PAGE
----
Wanted: universal element separator symbol; successful applicant must fix CSV too

Mathematical coordinate notation is a mess, but it could be be fixed now that Unicode is close enough to universal. While we’re at it, we can fix the CSV data format too.

The root of the problem is the comma, that unassuming but highly useful perky little squiggle of a punctuation mark, which unfortunately has been overloaded with too many globally conflicting meanings over the centuries. Were the comma only used in text, we could eliminate one of the most persistent headaches in software internationalization.

How do you write a list of values that represent coordinates? The traditional way is to put parentheses around the list and separate each value by a comma. For example, here’s a 3D coordinate:

(4, 3, 8)

But what if the values are decimal numbers, like this?

(12.7, 33.912, 81.07)

Here we encounter the major issue with the comma: in many countries it’s used as the decimal separator. These include not just Estonia and Insignificantistan, but major countries like Germany, France and Brazil. In handwriting, you might get away with using commas for both decimals and coordinate separators, but on a computer that kind of symbolic overlap won’t fly… So the usual recommendation is to use the semicolon:

(12,7; 33,912; 81,07)

This starts to look quite unpleasant, with all those visually heavy punctuation marks surrounding the actual data. Worse than that, the inconsistency of these notational systems makes it difficult to write software that works with coordinates and other numeric element lists represented as plain text.

If the coordinates could be thought of as a matrix row, you could write them within square brackets:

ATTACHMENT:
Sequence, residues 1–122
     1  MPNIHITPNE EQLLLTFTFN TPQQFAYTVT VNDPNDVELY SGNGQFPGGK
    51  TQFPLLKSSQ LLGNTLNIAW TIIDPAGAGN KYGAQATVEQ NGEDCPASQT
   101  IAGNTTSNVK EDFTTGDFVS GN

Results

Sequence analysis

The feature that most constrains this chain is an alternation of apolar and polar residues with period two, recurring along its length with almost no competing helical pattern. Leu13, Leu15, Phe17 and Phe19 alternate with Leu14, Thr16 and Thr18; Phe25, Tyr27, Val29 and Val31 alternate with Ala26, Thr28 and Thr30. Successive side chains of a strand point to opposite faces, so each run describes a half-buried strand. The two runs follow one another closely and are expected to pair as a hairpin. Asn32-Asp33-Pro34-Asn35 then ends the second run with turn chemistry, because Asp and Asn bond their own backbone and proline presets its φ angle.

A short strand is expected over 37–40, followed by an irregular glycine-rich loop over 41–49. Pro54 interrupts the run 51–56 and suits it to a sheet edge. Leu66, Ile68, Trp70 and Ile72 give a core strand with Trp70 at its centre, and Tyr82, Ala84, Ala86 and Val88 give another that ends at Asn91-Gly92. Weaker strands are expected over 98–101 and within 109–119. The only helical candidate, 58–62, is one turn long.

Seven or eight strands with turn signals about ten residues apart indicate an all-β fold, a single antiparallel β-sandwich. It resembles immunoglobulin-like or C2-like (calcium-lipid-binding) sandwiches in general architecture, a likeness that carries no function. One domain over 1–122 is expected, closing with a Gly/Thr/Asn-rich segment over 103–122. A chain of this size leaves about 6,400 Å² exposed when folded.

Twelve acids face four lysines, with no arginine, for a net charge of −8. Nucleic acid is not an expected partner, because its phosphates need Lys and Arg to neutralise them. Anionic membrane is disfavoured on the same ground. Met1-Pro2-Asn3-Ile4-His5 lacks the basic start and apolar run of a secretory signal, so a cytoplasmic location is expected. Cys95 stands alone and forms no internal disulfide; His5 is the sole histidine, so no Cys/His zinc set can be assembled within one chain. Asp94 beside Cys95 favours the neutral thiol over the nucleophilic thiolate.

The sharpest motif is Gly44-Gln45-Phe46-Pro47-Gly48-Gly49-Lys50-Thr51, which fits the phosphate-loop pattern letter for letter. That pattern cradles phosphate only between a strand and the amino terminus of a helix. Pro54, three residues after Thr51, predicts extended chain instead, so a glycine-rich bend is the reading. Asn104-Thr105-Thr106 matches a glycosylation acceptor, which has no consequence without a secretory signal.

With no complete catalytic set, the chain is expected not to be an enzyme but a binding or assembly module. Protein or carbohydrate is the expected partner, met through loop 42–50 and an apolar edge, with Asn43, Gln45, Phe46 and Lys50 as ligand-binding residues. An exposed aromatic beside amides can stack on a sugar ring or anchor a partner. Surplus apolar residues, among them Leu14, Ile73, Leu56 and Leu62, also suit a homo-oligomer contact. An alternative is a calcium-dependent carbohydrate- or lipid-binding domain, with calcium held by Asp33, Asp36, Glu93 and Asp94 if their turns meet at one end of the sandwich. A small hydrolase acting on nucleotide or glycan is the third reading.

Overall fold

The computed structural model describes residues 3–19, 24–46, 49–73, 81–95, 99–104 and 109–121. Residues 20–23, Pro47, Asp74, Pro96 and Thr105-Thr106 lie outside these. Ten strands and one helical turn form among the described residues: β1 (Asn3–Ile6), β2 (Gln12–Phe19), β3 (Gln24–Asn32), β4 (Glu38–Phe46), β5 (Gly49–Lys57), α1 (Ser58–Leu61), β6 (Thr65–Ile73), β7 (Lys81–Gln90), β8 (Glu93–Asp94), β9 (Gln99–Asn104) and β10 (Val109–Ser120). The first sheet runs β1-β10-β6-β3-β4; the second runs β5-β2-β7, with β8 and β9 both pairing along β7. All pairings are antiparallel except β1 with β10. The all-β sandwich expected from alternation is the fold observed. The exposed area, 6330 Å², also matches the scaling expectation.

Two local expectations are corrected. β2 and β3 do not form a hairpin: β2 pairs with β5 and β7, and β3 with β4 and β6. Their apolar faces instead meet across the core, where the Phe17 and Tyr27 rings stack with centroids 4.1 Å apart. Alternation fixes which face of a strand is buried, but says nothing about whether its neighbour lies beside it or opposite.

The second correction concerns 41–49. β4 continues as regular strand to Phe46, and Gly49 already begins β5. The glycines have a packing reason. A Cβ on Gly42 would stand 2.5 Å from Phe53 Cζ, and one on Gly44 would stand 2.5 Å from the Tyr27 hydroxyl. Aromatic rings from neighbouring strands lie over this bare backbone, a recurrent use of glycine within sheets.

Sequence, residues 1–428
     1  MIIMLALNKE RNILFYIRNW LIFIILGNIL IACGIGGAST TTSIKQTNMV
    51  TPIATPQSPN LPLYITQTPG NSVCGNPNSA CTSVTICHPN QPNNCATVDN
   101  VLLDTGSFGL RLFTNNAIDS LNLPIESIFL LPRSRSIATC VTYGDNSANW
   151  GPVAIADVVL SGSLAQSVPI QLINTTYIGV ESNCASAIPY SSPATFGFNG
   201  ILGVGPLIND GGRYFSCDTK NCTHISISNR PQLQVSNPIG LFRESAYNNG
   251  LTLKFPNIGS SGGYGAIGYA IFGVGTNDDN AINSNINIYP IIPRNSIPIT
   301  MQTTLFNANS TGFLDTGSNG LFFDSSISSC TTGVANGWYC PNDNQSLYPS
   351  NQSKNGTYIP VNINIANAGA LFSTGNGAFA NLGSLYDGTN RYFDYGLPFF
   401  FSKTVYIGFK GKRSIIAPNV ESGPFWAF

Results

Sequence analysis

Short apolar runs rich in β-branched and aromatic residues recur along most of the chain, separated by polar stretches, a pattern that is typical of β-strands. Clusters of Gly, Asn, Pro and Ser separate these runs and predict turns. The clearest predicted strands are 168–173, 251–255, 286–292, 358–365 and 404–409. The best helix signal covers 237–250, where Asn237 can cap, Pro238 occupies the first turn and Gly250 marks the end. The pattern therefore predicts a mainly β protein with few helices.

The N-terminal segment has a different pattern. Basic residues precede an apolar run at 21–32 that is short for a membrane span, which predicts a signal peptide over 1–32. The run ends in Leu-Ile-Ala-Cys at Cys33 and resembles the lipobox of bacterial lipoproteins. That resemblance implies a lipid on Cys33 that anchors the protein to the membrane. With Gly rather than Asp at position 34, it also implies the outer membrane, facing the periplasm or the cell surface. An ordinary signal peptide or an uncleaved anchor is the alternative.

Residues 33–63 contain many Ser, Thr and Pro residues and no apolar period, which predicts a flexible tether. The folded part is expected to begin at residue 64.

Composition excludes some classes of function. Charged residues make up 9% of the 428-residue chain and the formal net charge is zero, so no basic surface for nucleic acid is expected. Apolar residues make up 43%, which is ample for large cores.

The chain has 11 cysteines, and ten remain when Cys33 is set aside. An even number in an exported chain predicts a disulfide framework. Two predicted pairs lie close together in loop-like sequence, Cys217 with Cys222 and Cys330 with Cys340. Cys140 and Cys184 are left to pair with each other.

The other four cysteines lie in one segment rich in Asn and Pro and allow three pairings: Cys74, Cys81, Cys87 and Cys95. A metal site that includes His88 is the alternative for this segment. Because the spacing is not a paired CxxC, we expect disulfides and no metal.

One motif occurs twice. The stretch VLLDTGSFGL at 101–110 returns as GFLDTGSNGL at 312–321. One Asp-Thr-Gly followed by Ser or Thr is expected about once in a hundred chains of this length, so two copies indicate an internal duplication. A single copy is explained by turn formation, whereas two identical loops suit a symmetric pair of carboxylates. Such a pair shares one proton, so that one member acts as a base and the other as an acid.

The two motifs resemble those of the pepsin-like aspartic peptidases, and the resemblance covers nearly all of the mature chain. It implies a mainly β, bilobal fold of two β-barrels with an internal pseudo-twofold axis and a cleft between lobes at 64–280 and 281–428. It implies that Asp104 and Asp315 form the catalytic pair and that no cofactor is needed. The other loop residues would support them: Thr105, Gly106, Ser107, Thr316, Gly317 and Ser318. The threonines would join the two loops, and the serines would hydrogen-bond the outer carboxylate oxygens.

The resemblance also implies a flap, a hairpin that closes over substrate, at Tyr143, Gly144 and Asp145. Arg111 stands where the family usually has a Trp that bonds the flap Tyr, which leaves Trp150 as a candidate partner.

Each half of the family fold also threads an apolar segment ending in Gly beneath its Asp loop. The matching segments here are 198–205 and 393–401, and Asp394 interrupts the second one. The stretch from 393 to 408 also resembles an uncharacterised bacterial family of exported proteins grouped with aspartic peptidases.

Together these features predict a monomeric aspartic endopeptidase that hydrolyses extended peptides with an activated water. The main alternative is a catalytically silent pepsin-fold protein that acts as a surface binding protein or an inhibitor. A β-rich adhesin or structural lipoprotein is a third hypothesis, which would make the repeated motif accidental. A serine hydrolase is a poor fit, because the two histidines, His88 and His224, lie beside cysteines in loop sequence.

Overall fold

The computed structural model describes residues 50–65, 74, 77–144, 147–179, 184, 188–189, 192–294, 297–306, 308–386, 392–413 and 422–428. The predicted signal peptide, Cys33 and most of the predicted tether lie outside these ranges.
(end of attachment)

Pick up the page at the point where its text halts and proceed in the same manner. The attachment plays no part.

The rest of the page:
[12.7 33.912 81.07]

The problem with this notation is that coordinates can just as well be matrix columns rather than rows, so the matrix row representation carries a meaning that goes beyond a plain list of elements and is thus unwanted. Let’s forget about it.

If we were to use a unique separator rather than a comma or a space, then we could do away with the surrounding brackets completely. The presence of the unique “list element separator symbol” would be enough to indicate that this is a list.

Let’s try that idea with the backtick, which is one of the more rarely used ASCII characters:

12.7`33.912`81.07

This could work! But the backtick has problems of its own. It’s probably too similar to a number of other symbols like the apostrophe and the prime symbol, which is heavily used in math. The backtick is also already heavily overloaded in various programming languages, so it would have to be encoded in some representations and contexts. This is not good because we’d ideally like to establish an element separator symbol that could be truly universal.

There’s nothing left in 7-bit ASCII that hasn’t been overloaded a thousand times in computing history, so we’ll have dig into Unicode to find such a symbol.

One candidate I like is the “dot-above”, U+02D9, which looks like this: ˙

It’s a non-combining version of the “combining dot above” character used for writing diacritic letters such as .

When writing coordinates the dot-above has a visual association with the regular point as decimal separator, which I find quite pleasing:

12.7˙33.912˙81.07

But the downsides of the dot-above are many. It’s probably too small to be practical: in typical programming fonts, it looks too much like a space. It also might be confused with the interpunct a.k.a. middle dot, which is commonly used as a multiplication sign (often in the same countries that use a comma as decimal separator).

If we expand the dot-above into a vertical line, we get a non-combining macron, like this: ¯

The macron is wide enough to work as a programming symbol. Visually it’s a counterpart to the widely used _ underscore character. It’s not easily confounded with any other mathematical symbols:

12.7¯33.912¯81.07

As an additional bonus, an HTML entity shortcut exists for this character, it’s ¯. For people who produce HTML by hand, that’s definitely nicer to write than the raw Unicode encoding ¯

Fixing CSV

The macron is a suitable candidate for the universal element separator. In addition to coordinate lists, we can also apply it to fix the CSV format… Which, it must be said, is not so much an actual data format as an ancient bugbear that hides endless hideously incompatible plain-text encodings of all sorts of data. (CSV is like Oogie Boogie from Tim Burton’s Nightmare Before Christmas: a colony of bugs wrapped in a potato sack, pretending to be a single monster.)